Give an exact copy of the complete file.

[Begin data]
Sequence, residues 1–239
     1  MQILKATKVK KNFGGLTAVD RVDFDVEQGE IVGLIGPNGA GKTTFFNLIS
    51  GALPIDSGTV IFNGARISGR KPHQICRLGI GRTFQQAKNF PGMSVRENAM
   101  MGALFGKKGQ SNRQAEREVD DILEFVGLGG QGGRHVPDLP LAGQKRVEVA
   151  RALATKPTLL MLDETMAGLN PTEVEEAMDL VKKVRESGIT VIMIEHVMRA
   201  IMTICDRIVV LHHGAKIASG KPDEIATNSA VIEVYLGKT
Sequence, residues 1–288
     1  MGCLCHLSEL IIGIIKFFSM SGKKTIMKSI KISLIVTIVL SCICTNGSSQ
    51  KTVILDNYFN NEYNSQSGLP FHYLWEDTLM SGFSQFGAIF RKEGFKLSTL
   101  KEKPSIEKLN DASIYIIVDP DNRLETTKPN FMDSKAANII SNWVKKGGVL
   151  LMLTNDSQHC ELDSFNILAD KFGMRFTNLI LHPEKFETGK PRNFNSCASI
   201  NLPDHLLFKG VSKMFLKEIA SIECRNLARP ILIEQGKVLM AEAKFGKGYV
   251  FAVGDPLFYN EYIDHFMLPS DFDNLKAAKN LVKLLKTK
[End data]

Sequence, residues 1–239
     1  MQILKATKVK KNFGGLTAVD RVDFDVEQGE IVGLIGPNGA GKTTFFNLIS
    51  GALPIDSGTV IFNGARISGR KPHQICRLGI GRTFQQAKNF PGMSVRENAM
   101  MGALFGKKGQ SNRQAEREVD DILEFVGLGG QGGRHVPDLP LAGQKRVEVA
   151  RALATKPTLL MLDETMAGLN PTEVEEAMDL VKKVRESGIT VIMIEHVMRA
   201  IMTICDRIVV LHHGAKIASG KPDEIATNSA VIEVYLGKT
Sequence, residues 1–288
     1  MGCLCHLSEL IIGIIKFFSM SGKKTIMKSI KISLIVTIVL SCICTNGSSQ
    51  KTVILDNYFN NEYNSQSGLP FHYLWEDTLM SGFSQFGAIF RKEGFKLSTL
   101  KEKPSIEKLN DASIYIIVDP DNRLETTKPN FMDSKAANII SNWVKKGGVL
   151  LMLTNDSQHC ELDSFNILAD KFGMRFTNLI LHPEKFETGK PRNFNSCASI
   201  NLPDHLLFKG VSKMFLKEIA SIECRNLARP ILIEQGKVLM AEAKFGKGYV
   251  FAVGDPLFYN EYIDHFMLPS DFDNLKAAKN LVKLLKTK